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Rain on…rain off

Malcolm Greenhalgh enjoys a good month of fishing in June, albeit both a very wet one... and a very dry one too!


Go fly-fishing. Tomorrow. But avoid the M6!
Go fly-fishing. Tomorrow. But avoid the M6!

June 2016 started with some hot days and ended with lots of torrential rain that had the North Country spate streams hopping up and down. But often the heavy showers were localised. For instance...

On the 8th Geoff and I headed off to the Aire at Gargrave for an evening session. I set off driving in lovely warm but cloudy conditions and then, whilst driving on the motorway past Burnley, had to slow down to 20mph because of rain so heavy that the windscreen wipers could not cope. Then, after fifteen minutes, we emerged into lovely dry conditions. I parked by the river and, just as I was about to open the door, the heavens opened and we sat there watching the rain bounce off the road and river. After 20 minutes the rain still fell and the black clouds seemed not to be moving, so we decided to head west to the Ribble. As we passed the watershed between Aire and Ribble headwaters the rain stopped and I drove on dry roads the few miles to one of our beats near Gisburn. As we tackled up the farmer’s wife drove past. “You’re fishing? The river’s very low!”

And it was. There had clearly been no rain in the Ribble valley for some time and the river was as low as it gets, with lots of blanketweed (Cladophora), the alga that thrives on nutrient rich water and forms dense beds in the shallows. We fished for just two hours and I concentrated on the top two pools. There were lots of small land-bred insects, blown from the overhanging trees upstream, drifting down and a few fish rose to them. The result: three brown trout, the biggest a cracking 13” wild one (no stocking in the upper Ribble) and five grayling (biggest about 12”). All took my Elk hair Caddis, save one that took a Hare’s Ear. The crucial thing about the Elk Hair is that it has no hackle. It’s just a body of soft fur (rabbit or synthetic in brown, grey or olive) and the wing is a bunch of bleached elk. So the thing sits IN and not ON the surface film, as do land-bred insects that fall onto the water.

Several years ago I visited the Ribble at Paythorne at dawn and found a species of Caenis that hatches in the early morning. Being an idle bloke (which is why I love brown trout, for they feed happily from LATE morning so I can have a leisurely breakfast) I forced myself to be driving as dawn broke. Reaching the Ribble 40 minutes later, I spotted a few fish feeding and, by 8am, I had five brownies on my size 22 imitation (try a Grey Duster!). The biggest was 18” long, would have weighed well over 2lbs had I done so (I never take fish from the water if I am going to put them back) and was well hooked on my small, barbless hook. Since we stopped chucking in stupid farmed trout, we seem to be catching ever more big wild ones!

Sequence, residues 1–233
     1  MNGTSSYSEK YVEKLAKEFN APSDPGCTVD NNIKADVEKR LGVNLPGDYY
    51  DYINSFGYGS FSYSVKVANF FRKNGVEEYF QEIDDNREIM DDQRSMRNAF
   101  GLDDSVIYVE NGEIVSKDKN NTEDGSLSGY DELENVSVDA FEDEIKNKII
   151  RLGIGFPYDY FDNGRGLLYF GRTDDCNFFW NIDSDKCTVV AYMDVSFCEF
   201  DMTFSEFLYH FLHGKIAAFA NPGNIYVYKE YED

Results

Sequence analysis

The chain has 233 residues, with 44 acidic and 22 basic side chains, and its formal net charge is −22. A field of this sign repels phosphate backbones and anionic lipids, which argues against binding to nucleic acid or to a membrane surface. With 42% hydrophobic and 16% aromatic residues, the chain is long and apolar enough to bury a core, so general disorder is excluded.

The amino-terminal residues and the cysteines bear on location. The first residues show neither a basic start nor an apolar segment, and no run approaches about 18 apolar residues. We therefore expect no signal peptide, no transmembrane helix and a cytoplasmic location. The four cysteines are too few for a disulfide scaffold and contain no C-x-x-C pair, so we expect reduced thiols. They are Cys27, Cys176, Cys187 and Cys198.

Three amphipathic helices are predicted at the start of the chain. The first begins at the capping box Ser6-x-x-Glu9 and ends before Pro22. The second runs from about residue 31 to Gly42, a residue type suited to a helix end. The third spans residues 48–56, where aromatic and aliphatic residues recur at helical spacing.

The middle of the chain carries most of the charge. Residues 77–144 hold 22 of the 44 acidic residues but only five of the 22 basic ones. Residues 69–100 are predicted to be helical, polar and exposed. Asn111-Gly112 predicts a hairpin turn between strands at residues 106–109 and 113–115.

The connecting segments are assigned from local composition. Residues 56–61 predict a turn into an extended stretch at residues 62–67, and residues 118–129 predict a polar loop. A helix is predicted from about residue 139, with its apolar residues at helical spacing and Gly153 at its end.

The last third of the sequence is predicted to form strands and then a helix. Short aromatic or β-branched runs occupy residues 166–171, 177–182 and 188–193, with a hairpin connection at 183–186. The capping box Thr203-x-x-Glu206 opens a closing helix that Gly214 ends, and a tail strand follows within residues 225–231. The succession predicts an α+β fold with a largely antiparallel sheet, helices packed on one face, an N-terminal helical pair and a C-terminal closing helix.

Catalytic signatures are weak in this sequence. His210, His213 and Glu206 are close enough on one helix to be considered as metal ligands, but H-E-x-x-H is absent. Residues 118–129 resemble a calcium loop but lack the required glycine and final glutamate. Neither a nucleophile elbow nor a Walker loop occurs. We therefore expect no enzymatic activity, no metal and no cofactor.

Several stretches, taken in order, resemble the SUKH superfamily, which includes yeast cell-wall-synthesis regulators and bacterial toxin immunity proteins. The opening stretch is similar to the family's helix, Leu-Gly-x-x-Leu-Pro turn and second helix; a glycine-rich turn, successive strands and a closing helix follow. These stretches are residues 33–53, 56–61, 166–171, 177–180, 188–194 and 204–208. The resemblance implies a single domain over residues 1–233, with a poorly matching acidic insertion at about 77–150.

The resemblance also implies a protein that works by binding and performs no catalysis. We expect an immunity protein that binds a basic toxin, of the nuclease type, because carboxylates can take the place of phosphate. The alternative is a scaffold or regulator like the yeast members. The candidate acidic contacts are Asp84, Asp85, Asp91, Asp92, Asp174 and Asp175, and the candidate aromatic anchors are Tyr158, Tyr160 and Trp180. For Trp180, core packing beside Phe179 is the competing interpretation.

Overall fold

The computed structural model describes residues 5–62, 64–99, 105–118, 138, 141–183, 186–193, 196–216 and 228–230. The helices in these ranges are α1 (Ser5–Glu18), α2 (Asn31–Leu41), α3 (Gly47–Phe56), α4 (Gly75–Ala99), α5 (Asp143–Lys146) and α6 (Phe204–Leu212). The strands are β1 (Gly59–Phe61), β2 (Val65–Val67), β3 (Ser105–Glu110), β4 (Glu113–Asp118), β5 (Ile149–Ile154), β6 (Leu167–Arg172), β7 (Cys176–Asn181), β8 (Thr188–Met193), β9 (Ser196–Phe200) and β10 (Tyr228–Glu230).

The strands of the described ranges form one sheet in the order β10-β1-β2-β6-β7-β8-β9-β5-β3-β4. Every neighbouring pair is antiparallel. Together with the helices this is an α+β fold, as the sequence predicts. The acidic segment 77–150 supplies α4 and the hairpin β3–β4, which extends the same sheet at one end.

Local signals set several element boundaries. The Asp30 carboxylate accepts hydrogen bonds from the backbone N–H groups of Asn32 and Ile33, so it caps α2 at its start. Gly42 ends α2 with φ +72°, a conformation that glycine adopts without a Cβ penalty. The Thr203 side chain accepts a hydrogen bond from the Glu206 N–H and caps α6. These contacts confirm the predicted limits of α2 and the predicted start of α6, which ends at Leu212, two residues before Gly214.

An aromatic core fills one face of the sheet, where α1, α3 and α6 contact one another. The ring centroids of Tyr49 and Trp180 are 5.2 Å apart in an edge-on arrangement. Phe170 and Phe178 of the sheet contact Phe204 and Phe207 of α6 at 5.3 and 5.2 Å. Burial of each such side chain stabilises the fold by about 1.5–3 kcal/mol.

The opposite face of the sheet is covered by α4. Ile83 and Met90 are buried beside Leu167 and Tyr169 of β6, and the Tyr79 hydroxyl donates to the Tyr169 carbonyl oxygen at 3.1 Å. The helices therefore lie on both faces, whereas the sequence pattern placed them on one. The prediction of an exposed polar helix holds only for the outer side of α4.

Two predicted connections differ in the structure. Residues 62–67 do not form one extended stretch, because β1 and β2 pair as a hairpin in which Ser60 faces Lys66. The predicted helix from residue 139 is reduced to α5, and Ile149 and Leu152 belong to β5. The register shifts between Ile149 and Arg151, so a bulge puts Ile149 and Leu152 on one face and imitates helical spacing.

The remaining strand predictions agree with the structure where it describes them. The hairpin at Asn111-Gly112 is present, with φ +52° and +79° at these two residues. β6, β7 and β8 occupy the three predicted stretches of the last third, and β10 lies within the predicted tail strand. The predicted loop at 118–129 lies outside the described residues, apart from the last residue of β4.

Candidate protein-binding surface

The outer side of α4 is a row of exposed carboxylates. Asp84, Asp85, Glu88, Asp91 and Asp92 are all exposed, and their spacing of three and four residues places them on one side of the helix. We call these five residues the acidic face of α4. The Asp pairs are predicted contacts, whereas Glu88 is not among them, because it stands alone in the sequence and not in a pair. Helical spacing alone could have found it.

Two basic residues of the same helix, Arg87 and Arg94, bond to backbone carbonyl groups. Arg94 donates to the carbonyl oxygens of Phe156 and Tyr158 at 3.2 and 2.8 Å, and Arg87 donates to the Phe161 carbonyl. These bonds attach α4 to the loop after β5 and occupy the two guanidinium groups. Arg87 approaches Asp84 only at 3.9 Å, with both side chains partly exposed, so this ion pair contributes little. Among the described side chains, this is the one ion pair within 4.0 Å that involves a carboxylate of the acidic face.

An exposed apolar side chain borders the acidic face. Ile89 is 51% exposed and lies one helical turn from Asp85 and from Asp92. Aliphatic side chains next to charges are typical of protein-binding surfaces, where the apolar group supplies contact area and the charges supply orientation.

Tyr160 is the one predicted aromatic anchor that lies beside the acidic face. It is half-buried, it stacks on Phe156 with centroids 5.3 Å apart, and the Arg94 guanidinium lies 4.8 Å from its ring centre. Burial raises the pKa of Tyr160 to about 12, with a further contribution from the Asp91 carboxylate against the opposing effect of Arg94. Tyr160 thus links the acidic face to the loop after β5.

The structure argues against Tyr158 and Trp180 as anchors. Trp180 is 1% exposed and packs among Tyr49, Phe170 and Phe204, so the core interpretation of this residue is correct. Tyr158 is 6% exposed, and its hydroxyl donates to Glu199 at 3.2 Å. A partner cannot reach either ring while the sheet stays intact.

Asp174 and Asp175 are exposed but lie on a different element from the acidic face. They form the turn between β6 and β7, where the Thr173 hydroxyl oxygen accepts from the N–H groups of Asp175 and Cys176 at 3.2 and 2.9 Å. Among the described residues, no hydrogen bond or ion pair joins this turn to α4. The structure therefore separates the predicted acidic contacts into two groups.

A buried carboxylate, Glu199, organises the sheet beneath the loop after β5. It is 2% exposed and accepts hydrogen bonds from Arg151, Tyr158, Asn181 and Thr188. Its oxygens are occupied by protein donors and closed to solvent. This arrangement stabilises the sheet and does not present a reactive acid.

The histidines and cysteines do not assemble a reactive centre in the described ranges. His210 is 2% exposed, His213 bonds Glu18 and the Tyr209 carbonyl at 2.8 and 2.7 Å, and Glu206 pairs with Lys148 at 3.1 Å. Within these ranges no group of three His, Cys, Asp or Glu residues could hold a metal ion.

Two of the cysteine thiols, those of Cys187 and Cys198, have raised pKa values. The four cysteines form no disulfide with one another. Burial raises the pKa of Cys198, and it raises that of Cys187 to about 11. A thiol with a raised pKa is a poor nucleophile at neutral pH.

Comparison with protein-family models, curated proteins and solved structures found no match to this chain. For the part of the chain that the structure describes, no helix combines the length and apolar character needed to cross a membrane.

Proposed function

With the rain, sea trout are in as well as a few grilse. I no longer fish through the night, as there is no need to do so. In one 3½ hour session on the Hodder, with a few inches on, I had three belting sea trout, new in from the sea, on a 3” Snake Fly.

I ended my month’s fishing with Geoff and host Steve Skuce on the fabulous River Wylye. Although technically not a ‘pure chalk stream’ I think that it is near chalk stream perfection when it comes to its fly life, its beauty and its trout and grayling stocks. Geoff had never fished a chalk stream where one can see the fish and then cast to the fish and see them respond to the fly, which is why Steve so kindly invited us down.

Day One was wonderful, and while Steve looked after Geoff, I fished two lovely beats. In the morning, few flies were on the water. My first trout, that was tucked away under an alder, took a pale watery dun before getting hooked on my size 16 Kite’s Imperial (Oliver Kite fished here!) Then I found a small pod of grayling and caught three; two on a Grey Shrimp that I had tied over 20 years ago for a visit to this very river, and one on a Killer Bug using a piece of Chadwick’s wool once owned by the great Frank Sawyer. [As I grow older, I find tradition increasingly important. It’s our fly-fishing heritage.]

That afternoon, in light drizzle, I fished a beat with some much deeper water and a nice hatch of mayfly duns. That gave me some easy fishing. But the most effective fly was not tied on a big hook as are most mayfly patterns. It was an emerger tied on a smaller (size 14, but ¾” long shank) curved grub hook , with grey fur abdomen, peacock herl thorax, white Antron posted wing ad a blue dun cock hackle wound around the wing base in Klinkhamer style. The reason why I turned from the usual big mayfly patterns was that I missed a few grayling on the big hooks. The smaller hook took them and I ended that afternoon with three browns and eleven grayling. And I watched two water voles.

The following day, torrential rain. I fished for an hour for three grayling on my emerger and Geoff, guided by Steve, fished for over two and caught more on a bug. Then we headed back home to Lancashire. The drive was lovely until we reached the end of the M6 Toll Road in Staffordshire. For the last fifty miles it was Hell, with traffic jams, stop-start and lane closures due to accidents caused by the weather and bad driving.

I wish I could fly!

Go fly-fishing. Tomorrow. But avoid the M6.

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